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Appropriating a fractured Past: The story of place-making in Kaliningrad 1945 - 2000

Part 2 Dissertation 2004
Max Kettenacker
University of Cambridge | UK
In 1990, when I was 12 years old, my father, a West German living in England introduced me to an East German female vicar who at the time of reunification was the acting East German ambassador. They married on the 3rd October 1991, precisely one year after the day of German reunification when they first met. The marriage did not last. Ever since, however, I have been fascinated by the demise of the Soviet bloc grappling with abrupt Westernisation and in particular by the fate of the inherited Soviet urban landscape in Eastern Europe. In this respect, the city of Kaliningrad tells a very unique story.

Originally the German city of Königsberg, Kaliningrad became part of the Soviet Union after the Second World War. The German population was completely replaced by Russians and a fierce program of de-historicization, seeking to erase the city's German history, severely impacted upon the urban landscape. With the dawn of the Cold war, Kaliningrad, confusingly also the name of the region, became heavily militarised and was sealed off from the rest of world. Politically, Kaliningrad is an enigma, especially given the recent EU enlargement that has effectively rendered it an exclave within Europe isolated from its Russian motherland, and its future questions the collective identity of Europe.

In post-communist Kaliningrad, the spatial effacement of the Soviet era has led to an increasing desire for discourse on Kaliningrad's multiple identities. This is most notable in the city centre, where the site of the former castle ruins that were blown up in 1969 and replaced by the concrete colossus of the Palace of Soviets, forever defunct and uninhabitable, acts as an illustrious setting for architectural place-making.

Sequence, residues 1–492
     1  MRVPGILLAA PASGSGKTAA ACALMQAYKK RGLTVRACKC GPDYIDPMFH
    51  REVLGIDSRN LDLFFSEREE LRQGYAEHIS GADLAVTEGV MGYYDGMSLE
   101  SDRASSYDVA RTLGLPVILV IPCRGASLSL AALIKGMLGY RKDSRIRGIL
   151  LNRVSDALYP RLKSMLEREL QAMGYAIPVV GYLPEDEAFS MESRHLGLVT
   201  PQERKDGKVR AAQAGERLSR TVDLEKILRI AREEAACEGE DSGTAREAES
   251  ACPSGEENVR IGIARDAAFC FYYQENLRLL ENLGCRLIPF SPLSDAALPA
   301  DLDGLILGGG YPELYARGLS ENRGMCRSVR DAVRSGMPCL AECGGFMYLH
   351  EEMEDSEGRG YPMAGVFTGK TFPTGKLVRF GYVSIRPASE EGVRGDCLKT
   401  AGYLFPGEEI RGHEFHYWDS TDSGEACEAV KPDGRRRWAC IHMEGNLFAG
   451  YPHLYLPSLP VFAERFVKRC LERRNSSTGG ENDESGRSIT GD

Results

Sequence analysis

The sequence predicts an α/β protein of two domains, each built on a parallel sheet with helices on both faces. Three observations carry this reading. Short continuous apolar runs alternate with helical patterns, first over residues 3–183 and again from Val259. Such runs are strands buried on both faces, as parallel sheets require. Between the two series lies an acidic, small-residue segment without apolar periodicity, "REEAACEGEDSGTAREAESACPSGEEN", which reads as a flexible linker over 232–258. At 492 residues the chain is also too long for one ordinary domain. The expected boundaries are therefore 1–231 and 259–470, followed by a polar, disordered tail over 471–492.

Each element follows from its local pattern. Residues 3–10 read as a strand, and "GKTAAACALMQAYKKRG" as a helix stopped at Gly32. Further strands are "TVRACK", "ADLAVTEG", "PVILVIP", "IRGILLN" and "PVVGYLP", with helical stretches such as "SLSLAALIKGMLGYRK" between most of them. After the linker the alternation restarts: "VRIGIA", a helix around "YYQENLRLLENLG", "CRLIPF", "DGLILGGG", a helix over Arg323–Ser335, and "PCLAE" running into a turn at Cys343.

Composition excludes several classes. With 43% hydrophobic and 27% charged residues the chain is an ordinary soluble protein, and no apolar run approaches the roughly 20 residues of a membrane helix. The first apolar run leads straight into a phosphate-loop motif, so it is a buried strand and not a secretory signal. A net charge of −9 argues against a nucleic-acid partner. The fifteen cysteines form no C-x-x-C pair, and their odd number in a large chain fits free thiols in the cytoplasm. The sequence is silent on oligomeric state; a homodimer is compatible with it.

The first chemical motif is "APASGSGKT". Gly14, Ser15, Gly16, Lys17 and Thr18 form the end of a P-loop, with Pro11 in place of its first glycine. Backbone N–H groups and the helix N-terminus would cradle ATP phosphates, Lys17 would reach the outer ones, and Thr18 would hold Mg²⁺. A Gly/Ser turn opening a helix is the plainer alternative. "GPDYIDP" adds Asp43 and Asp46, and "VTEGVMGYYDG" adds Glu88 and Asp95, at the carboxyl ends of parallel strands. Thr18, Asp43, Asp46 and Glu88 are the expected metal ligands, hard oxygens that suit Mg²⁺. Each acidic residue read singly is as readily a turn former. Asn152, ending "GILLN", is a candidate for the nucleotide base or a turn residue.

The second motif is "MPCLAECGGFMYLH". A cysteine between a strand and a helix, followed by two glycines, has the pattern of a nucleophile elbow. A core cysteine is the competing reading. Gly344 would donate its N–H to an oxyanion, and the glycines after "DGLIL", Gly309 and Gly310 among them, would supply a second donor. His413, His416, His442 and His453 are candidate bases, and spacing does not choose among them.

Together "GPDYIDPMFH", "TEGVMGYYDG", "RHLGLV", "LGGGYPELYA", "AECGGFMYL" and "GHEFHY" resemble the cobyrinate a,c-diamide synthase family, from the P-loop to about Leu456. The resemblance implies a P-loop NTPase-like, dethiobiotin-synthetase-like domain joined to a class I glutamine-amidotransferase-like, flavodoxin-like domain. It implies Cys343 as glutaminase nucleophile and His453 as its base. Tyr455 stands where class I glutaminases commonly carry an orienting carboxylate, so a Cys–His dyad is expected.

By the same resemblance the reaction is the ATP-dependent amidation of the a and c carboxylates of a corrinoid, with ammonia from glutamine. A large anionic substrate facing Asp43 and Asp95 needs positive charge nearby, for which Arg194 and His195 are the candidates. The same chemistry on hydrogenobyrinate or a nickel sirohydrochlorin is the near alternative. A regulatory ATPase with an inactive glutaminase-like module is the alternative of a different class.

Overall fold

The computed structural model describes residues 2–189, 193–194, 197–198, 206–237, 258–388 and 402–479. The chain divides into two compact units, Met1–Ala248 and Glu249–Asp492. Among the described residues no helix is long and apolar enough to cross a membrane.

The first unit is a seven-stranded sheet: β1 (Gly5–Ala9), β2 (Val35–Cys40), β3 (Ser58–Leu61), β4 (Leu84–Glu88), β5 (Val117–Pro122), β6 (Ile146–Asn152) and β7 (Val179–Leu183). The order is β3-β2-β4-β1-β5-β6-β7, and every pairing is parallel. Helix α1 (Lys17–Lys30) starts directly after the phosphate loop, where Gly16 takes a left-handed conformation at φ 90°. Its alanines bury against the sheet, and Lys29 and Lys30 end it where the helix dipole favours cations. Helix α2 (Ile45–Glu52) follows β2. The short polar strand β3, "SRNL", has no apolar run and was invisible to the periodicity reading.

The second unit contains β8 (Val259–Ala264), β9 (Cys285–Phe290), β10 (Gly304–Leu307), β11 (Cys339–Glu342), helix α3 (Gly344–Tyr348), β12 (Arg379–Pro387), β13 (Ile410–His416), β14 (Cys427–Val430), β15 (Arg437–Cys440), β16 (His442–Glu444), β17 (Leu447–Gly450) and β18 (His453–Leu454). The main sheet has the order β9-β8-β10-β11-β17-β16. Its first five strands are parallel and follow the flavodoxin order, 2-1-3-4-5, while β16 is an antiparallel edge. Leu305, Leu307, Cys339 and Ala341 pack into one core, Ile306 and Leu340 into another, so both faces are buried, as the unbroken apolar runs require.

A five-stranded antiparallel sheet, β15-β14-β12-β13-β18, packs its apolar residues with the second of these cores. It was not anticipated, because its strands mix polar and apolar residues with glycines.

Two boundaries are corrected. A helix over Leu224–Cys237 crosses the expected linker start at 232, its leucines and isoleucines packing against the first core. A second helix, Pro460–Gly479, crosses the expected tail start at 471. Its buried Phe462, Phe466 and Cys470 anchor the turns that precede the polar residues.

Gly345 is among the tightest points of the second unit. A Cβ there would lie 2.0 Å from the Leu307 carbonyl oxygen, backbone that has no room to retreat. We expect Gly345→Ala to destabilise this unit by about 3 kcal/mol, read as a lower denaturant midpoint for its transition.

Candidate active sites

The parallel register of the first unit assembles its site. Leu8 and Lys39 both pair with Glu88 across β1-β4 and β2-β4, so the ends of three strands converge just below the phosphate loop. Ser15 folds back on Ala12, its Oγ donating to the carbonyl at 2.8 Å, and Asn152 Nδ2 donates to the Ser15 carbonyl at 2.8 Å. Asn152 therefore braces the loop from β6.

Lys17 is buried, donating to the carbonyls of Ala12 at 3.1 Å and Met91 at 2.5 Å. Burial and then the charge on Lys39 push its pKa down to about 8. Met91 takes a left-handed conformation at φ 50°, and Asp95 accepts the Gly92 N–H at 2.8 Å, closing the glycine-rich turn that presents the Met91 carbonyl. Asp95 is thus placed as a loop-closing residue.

Now at last, a dialogue concerning the city's German heritage has been allowed to enter the public domain. However, considering recent nostalgic temperaments toward Königsberg, the question remains what will guide the urgently needed regeneration of the symbolically charged city centre without regressing to reproduction and artifice? And how can two seemingly incongruous urban identities be reconciled to shape a city centre that reflects contemporary post-communist Kaliningrad?

Max Kettenacker

This dissertation was chosen for its outstanding and insightful response to one of the most challenging urban situations imaginable - the forlorn former Soviet city of Kaliningrad. Besides telling the story of its destruction and transformation after1945 from seat of ancient German culture to Russian workers' town more richly than has been done in English before, Kettenacker looks dispassionately at the present haunting townscape of Kaliningrad. While taking account of the present imagery of the city, he refuses either to become besotted by its brutalist image or to accept that the German centre should be recreated, as some have suggested.

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